500m yuan to boost Chinese soccer
Updated: 2011-07-04 08:26
By Tang Zhe and Yu Yilei (China Daily)
BEIJING - Fresh from the recent disappointment of its Olympic team failing to qualify for next year's London Games, the Chinese Football Association (CFA) launched a huge salvage campaign on Sunday by reaching a multi-million-dollar deal with a domestic company to support a new youth development program.
Watched by Chinese State Councilor Liu Yandong and Chinese Sports Minister Liu Peng, CFA chief Wei Di signed the comprehensive agreement with Dalian Wanda, a real estate company, at the Beijing Institute of Technology.
According to the contract, Wanda will inject 500 million yuan ($77.3 million) over three years to boost the sport in China in terms of youth development, domestic league upgrading, referee training and inviting world-class foreign coaches to help the men's and women's national teams.
The new partners agreed to put the priority on the development of youth soccer and immediately launched a youth development program called Future Stars.
The program aims to provide 100 talented players aged between 15 and 17 each year with opportunities to play overseas for two to three years, and the CFA has already reached agreements with associations and clubs from soccer powerhouses such as Spain, Germany, Brazil, Italy and France. The first batch of 21 players flew to Brazil at the end of last year.
"The progress of Chinese soccer depends on the emergence of high-level young players," said Wei, who took over the CFA in January last year.
"China's negligence in developing teenage soccer directly led to the slump in the sport in recent years."
This is not the first time the CFA has sent young players abroad. In 1993, it dispatched a youth team to Brazil and the five-year training helped to nurture several established players such as Li Tie, a former Everton player, Li Jinyu, a domestic league top scorer, and Li Weifeng, a former national team captain.
However, after suffering from match-fixing scandals and bribery allegations, which earlier this year led to the arrests of several senior CFA officials and once-notable referees, China's soccer slumped to a new low when its national team failed for the second consecutive time to qualify for the World Cup finals. Its hopes for the 2014 Brazil World Cup also look thin.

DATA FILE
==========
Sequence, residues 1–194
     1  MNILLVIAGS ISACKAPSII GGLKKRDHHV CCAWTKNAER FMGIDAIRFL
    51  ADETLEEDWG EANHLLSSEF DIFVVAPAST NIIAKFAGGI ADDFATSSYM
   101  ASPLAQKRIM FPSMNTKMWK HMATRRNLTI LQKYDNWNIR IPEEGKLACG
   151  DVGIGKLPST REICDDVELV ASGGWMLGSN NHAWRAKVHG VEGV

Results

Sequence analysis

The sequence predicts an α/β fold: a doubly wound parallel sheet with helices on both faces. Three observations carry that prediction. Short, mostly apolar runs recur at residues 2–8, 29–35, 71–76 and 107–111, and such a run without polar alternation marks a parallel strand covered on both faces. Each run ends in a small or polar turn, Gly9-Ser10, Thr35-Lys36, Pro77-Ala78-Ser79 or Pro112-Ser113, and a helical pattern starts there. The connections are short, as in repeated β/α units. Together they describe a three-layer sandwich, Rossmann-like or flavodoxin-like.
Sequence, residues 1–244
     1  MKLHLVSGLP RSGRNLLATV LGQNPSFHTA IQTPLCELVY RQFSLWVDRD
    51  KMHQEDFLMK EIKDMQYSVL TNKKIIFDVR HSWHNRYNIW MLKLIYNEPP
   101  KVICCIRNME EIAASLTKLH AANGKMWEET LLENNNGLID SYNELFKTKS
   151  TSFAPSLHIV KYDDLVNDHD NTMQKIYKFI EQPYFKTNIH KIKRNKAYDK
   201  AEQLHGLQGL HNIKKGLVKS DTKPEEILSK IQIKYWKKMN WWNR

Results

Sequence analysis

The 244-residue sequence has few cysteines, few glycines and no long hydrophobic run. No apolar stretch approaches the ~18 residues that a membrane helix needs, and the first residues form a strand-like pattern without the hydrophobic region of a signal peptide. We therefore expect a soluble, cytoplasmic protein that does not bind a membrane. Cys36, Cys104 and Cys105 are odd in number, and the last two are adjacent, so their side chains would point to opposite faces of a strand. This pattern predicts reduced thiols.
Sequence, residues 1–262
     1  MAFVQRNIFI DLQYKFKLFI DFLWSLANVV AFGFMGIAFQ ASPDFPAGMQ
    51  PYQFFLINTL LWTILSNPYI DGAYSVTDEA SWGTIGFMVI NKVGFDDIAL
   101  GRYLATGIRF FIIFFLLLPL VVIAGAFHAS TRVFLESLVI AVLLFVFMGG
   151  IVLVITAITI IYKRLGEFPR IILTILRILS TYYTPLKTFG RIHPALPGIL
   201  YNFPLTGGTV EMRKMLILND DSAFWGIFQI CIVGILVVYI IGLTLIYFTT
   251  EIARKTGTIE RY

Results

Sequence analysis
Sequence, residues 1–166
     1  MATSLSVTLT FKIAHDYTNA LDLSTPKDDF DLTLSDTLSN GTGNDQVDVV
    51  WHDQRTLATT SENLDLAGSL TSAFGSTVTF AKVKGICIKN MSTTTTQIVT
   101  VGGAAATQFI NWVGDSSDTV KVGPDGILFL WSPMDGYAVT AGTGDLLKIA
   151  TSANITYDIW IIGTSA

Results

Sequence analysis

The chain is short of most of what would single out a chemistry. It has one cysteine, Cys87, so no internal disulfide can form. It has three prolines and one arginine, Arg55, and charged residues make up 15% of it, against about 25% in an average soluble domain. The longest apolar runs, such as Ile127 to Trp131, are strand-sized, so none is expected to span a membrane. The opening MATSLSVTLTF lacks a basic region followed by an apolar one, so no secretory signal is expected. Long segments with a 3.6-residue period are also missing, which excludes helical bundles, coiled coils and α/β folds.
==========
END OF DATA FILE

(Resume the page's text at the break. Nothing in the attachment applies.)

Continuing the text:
As well, its Olympic team did not qualify for the 2012 London Games as its once world-beating women's team did not qualify for the ongoing World Cup in Germany.
Furthermore, the CFA has to face a shameful reality: China had only about 7,000 players under the age of 18 registered with the association at the end of 2010, compared with Japan's 500,000.
Wang Jianlin, chairman of Dalian Wanda, said the company would extend its cooperation with the CFA if Chinese soccer shows signs of bouncing back in three years.
"I have two standards to assess the result of our cooperation," the 56-year-old said after signing the contract with the CFA. "One is the participation level of teenagers in the sport. If China's soccer population increases to 700,000 thousand or 800,000 in three years, then our cooperation will be successful.
"The second standard is the attendance rate at the domestic league. I hope our cooperation will reawaken people's passion for soccer.
"If we make these changes in three years, then we can talk about further cooperation, but if there's no change, I think we will be done there."
China's soccer enjoyed its best time in the early 1990s after Jia-A league, China's highest-tier professional soccer league, was established.
The sport's influence reached a peak in 2001, when the Chinese men's national team secured a berth at the 2002 World Cup finals, which were co-hosted by Japan and South Korea. This was China's first and only appearance at a World Cup final.